No one else will be helped by this movie, for which we must blame the director, Will Gluck. He created a good showcase for Emma Stone in the campy Easy A and didn’t disgrace himself with the dim rom-com Friends With Benefits, but he doesn’t know the first thing about shooting a number in a musical comedy. He takes his cues from music videos. The dances are chopped to hell, and whenever the camera happens to be in the right place (it seems by accident), the shots aren’t held long enough to register anything special about the performers. Borderline intolerable songs like “I Think I’m Going to Like It Here” cross over the border.

Daddy Warbucks is now called “Will Stacks” and is a barely socialized billionaire cell-phone magnate who decides on a whim to run for mayor, hooking up with Annie after he saves her from being hit by a car. (She was chasing the stray Sandy, who will become her loving pooch.) Bringing her into his fabulous high-tech high-rise pad is (as in earlier iterations) a PR stunt, and it’s left to the child to endear herself to the awkward bachelor. What she sees in him other than $$$ is a mystery. Foxx doesn’t cut it as a simpleton rich boy and would probably have been targeted for ridicule if not for Cameron Diaz’s disastrous Miss Hannigan — a disaster that’s not, I’m convinced, of her own making.

Any decent director would have taken one look at the dailies and told Diaz to take the garishness down about ten notches — to stop twisting up her features and shrieking her lines, as if to say that she (Cameron Diaz) is nothing like Miss Hannigan and is doing character acting. The conception of Hannigan — not an orphanage mistress but a bitter, unemployed showbiz reject taking in foster kids to get money from the state — is workable, and Diaz can be a wonderful comedian. If she’d played the role in the spirit of her sexy Bad Teacher she could have knocked this out of the park. She still pulls off one of the show’s best numbers, though, the breathy plaint “Little Girls,” largely because it’s the first (and only) time she relaxes and lets us see her features.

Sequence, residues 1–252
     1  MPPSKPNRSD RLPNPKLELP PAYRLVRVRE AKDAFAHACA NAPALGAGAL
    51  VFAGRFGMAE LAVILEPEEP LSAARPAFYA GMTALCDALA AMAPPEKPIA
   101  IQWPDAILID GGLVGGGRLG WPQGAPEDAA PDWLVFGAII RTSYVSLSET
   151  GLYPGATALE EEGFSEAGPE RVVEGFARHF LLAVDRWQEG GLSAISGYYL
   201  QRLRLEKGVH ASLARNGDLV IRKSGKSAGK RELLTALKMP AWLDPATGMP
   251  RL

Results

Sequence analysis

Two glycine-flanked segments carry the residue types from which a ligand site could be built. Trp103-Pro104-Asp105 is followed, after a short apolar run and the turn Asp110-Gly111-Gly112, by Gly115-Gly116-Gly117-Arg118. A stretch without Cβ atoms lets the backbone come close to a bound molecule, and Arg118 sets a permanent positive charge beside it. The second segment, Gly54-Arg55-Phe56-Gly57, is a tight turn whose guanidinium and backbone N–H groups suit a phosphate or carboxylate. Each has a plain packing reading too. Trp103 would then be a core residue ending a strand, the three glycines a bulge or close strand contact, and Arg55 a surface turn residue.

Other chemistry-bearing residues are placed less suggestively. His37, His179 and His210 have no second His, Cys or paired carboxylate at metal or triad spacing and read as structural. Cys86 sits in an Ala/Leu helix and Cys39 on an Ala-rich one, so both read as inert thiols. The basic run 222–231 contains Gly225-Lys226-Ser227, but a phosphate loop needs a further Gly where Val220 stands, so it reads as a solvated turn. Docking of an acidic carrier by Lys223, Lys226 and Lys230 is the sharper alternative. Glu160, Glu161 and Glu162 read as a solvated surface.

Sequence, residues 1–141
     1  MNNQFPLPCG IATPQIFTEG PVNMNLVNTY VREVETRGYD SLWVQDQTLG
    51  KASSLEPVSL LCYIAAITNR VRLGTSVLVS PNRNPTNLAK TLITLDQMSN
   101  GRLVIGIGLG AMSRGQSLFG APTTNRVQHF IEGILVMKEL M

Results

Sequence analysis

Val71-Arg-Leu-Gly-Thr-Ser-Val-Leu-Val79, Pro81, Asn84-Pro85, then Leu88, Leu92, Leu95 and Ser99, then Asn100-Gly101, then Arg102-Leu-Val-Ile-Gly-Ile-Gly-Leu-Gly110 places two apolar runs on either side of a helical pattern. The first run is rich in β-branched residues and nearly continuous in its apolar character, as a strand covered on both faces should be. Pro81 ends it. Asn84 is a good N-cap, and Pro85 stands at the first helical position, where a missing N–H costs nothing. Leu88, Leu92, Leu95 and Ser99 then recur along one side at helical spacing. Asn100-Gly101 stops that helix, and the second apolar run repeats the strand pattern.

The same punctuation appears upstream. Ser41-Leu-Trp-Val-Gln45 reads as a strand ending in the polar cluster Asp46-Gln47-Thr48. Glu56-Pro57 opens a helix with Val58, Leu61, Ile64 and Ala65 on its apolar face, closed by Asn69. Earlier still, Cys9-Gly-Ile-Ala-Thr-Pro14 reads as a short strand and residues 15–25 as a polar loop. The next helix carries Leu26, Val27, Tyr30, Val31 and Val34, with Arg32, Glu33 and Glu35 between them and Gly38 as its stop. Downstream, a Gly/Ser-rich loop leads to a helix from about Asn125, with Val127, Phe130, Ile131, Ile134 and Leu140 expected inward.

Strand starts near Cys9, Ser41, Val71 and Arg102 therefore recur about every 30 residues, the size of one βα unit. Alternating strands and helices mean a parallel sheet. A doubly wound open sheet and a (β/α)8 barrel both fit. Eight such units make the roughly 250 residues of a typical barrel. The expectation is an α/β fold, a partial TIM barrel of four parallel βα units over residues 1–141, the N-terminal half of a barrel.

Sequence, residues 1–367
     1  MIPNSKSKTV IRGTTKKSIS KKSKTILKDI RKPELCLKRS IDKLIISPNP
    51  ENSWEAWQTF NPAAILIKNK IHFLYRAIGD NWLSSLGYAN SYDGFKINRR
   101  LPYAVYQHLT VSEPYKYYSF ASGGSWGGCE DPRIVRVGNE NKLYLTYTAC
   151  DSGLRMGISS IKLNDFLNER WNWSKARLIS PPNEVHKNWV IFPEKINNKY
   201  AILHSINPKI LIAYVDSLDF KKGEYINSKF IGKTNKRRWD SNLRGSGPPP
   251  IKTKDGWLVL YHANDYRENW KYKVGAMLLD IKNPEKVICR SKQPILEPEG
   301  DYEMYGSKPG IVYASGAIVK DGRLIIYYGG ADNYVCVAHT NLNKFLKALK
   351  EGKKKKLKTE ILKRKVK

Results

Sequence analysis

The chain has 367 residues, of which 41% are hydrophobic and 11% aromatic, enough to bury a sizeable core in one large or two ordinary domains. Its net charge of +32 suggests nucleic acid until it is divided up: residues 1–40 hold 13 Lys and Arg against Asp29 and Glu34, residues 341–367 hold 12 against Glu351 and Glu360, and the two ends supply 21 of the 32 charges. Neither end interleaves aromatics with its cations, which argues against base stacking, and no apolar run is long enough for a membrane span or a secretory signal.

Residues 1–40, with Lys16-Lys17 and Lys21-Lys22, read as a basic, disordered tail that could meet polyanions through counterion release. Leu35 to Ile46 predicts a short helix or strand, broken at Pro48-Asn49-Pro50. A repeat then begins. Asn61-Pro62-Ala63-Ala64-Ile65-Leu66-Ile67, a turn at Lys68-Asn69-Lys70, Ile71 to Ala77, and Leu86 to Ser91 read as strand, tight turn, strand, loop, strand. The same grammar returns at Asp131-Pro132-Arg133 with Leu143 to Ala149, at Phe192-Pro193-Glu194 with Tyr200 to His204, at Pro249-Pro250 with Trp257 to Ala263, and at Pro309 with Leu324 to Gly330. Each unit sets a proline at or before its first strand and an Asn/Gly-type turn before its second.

Bobby Cannavale as Stacks’s sleazy PR strategist succeeds with sheer Broadway slickness, and Stephanie Kurtzuba has a funny moment or two as a strenuously indifferent Russian child-welfare bureaucrat — until the movie turns her into a ditz. As Stacks’s lonely, buttoned-up assistant, Grace, the spectacularly self-assured, charismatic Rose Byrne, has to pretend she’s none of the above and isn’t convincing for a second. There’s a fun scene where Hannigan auditions people to pretend to be Annie’s parents (Hannigan’s lowlife cohorts Rooster and Lily are gone and not missed), but the script by Gluck and Aline Brosh McKenna is otherwise a stinker.

I imagine Annie will make a mint, though, which might offset some of Sony’s losses from deep-sixing The Interview. But in all the ways that matter it’s a missed opportunity to take a flawed musical and transform it into a powerful new myth with a particular African-American slant. The black angle is neutered, and the movie not just a dud but a humiliation.